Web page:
May 25 2021

In memory Professor Ailsa Land (1927-2021)

Black and white image of Ailsa Land with short hair and a dark jacket, against a white backgroundAilsa H. Land (nee Dicken) died on 16 May, aged almost 94. She was born in West Bromwich, Staffordshire in 1927 and grew up in the West Midlands. In early 1939, in the face of the coming war, she and her mother travelled to Canada.  She remained there for the next five years, finishing school, and in 1943 enrolling with her mother in the Canadian Women’s Army Corps, requiring her to pretend she was older than her actual age. She ended her military service in 1944 in Ottawa at the National Defence Headquarters. She and her mother then returned to the UK to re-join her father who had been in the RAF. She came to LSE in 1946 as a student on the BSc(Econ). LSE was to be the home for her professional life thereafter.

Graduating in 1950, Ailsa became a Research Assistant in the Economics Research Division at LSE. In the same year she met her husband-to-be, Frank Land, who was also an LSE graduate and Research Assistant in the Economics Research Division, and they married in 1953. Alisa’s academic interests were and remained ‘activity analysis’ and its application, in today’s terms mathematical programming, scheduling and optimization. Her PhD was awarded in 1956 on the application of Operational Research techniques to the transportation of coking coal.

Her LSE career developed over the next 25 years as she progressed from lecturer to professor, in 1980, and head of the LSE Operational Research group. She and Frank, who was LSE professor of Information Systems, raised a son and two daughters, and their family grew with 7 grandchildren and 2 great-grand-children. She retired from LSE in 1987 but continued to work on optimization problems.  In her words at the time, ‘Now I’m retired I can do some research!”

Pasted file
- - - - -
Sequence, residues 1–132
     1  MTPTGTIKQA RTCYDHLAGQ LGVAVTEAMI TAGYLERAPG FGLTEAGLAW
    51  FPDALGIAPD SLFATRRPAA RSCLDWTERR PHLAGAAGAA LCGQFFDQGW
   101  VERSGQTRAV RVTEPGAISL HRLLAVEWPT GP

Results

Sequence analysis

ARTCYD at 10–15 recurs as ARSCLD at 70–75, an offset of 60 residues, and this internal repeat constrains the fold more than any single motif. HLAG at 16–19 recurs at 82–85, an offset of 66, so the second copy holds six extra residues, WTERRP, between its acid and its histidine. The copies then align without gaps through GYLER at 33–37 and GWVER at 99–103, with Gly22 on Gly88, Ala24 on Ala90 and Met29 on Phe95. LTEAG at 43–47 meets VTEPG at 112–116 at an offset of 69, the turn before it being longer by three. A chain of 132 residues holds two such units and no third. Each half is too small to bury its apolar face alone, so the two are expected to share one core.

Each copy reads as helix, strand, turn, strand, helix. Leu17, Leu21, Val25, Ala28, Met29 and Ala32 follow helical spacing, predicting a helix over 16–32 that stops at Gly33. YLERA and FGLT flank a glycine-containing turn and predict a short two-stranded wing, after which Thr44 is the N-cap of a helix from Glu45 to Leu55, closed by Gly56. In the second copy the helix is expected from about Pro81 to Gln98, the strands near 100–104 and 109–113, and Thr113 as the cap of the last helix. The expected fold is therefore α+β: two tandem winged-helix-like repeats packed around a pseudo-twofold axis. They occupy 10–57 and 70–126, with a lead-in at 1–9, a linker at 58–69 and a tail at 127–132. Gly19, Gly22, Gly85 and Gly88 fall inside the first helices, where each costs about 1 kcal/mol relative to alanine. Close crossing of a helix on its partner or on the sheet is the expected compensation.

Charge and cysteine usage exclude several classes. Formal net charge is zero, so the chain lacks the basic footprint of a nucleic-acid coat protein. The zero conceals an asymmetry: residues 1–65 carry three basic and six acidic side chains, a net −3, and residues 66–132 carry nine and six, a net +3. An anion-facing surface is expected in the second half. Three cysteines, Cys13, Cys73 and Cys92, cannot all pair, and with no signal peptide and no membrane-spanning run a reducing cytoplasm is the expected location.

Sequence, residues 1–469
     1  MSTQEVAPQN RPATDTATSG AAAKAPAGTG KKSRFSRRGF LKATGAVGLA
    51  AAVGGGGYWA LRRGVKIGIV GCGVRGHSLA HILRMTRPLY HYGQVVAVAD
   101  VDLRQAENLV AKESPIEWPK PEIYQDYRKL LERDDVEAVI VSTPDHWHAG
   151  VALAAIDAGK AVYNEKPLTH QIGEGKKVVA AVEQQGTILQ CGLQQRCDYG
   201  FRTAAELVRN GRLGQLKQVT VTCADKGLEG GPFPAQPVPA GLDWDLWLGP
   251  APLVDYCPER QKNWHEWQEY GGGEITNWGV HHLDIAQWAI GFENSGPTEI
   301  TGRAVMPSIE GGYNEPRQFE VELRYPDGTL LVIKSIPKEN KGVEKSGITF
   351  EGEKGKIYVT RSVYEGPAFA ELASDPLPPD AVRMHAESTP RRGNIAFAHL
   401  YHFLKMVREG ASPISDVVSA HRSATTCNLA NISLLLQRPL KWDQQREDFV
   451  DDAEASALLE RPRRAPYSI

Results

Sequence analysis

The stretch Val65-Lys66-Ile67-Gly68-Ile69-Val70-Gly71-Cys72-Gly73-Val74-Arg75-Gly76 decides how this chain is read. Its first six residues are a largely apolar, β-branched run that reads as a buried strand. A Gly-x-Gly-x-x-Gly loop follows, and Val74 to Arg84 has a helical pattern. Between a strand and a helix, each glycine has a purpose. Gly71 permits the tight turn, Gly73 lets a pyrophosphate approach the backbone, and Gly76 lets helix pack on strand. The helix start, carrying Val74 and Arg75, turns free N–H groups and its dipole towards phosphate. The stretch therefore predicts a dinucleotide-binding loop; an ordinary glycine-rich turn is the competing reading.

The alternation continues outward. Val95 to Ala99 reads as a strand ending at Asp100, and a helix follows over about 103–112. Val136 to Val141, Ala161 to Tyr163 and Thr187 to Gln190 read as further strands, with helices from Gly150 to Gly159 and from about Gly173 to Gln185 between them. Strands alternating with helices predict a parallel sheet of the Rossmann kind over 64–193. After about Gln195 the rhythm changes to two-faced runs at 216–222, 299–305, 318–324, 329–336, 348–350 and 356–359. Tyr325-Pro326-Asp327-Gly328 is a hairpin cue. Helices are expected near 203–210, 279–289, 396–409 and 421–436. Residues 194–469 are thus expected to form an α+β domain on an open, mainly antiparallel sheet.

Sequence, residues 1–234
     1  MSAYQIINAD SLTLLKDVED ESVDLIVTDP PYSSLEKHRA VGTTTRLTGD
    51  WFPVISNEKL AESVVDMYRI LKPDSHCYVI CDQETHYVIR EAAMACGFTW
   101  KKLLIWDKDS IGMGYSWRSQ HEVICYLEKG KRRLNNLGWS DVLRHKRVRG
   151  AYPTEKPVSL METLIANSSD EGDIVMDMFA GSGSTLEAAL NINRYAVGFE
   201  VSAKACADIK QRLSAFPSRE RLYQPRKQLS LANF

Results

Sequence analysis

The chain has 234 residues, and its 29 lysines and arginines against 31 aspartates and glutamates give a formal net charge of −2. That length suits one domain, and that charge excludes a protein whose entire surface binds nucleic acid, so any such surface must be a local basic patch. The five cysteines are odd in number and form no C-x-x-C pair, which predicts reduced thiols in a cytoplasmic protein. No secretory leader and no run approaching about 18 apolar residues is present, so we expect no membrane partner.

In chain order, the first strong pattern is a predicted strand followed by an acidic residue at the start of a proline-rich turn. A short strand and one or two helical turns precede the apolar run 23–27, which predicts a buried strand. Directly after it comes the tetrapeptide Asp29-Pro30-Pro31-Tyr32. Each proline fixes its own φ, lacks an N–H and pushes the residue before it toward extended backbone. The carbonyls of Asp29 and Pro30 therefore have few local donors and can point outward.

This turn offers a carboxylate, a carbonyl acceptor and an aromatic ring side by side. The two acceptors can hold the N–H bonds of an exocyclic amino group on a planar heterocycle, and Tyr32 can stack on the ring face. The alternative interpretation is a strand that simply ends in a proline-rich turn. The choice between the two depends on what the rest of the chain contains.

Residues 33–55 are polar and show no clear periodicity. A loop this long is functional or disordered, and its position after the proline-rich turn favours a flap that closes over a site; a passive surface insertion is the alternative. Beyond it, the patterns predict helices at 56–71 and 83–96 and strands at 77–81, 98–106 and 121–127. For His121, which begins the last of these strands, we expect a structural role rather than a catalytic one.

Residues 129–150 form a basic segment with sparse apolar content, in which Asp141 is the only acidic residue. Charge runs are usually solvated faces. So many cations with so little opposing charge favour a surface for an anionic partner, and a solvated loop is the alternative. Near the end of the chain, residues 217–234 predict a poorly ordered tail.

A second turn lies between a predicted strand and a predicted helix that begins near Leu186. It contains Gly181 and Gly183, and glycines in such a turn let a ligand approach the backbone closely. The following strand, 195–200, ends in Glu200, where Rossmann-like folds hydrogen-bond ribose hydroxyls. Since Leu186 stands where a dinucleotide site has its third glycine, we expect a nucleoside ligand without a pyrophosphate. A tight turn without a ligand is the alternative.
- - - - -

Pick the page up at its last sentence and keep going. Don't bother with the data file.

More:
Among Ailsa’s major academic contributions is the Land-Doig algorithm for branch and bound optimization with integer variables, work undertaken with Alison Doig, now Alison Harcourt[i]. Professor Richard Steinberg,  Chair in Operations Research in the Department of Management writes about the Land-Doig algorithm: “It is used to solve mathematical optimization problems where the solutions need to be whole numbers, which includes an enormous number of important practical problems.  The naïve approach to such problems is to enumerate every possible solution and then choose the best one, a Herculean, often impossible, task.  Branch-and-bound is a devilishly clever enumeration procedure that eliminates large swathes of inferior solutions in one go, often saving huge amounts of computation time and, in many cases, making an otherwise-unsolvable problem solvable.   Ailsa’s paper with Alison on branch-and-bound, published in Econometrica in 1960, has been cited and applied literally many thousands of times.”